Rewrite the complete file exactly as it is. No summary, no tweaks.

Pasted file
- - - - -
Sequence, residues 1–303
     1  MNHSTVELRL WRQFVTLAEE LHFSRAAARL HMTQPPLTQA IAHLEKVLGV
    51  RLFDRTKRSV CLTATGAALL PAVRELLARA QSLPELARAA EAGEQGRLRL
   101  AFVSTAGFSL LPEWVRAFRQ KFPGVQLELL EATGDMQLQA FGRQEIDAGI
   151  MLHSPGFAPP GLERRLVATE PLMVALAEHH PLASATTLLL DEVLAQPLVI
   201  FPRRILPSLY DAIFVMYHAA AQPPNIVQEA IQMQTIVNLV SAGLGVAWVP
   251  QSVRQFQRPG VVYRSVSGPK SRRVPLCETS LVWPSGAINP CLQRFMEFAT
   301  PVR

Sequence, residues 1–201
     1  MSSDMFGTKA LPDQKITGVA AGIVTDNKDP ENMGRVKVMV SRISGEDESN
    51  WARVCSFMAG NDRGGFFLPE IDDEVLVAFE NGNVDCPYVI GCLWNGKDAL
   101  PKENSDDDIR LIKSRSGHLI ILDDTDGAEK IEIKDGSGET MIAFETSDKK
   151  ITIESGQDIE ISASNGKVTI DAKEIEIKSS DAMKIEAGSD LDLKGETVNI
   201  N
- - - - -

Sequence, residues 1–303
     1  MNHSTVELRL WRQFVTLAEE LHFSRAAARL HMTQPPLTQA IAHLEKVLGV
    51  RLFDRTKRSV CLTATGAALL PAVRELLARA QSLPELARAA EAGEQGRLRL
   101  AFVSTAGFSL LPEWVRAFRQ KFPGVQLELL EATGDMQLQA FGRQEIDAGI
   151  MLHSPGFAPP GLERRLVATE PLMVALAEHH PLASATTLLL DEVLAQPLVI
   201  FPRRILPSLY DAIFVMYHAA AQPPNIVQEA IQMQTIVNLV SAGLGVAWVP
   251  QSVRQFQRPG VVYRSVSGPK SRRVPLCETS LVWPSGAINP CLQRFMEFAT
   301  PVR

Sequence, residues 1–201
     1  MSSDMFGTKA LPDQKITGVA AGIVTDNKDP ENMGRVKVMV SRISGEDESN
    51  WARVCSFMAG NDRGGFFLPE IDDEVLVAFE NGNVDCPYVI GCLWNGKDAL
   101  PKENSDDDIR LIKSRSGHLI ILDDTDGAEK IEIKDGSGET MIAFETSDKK
   151  ITIESGQDIE ISASNGKVTI DAKEIEIKSS DAMKIEAGSD LDLKGETVNI
   201  N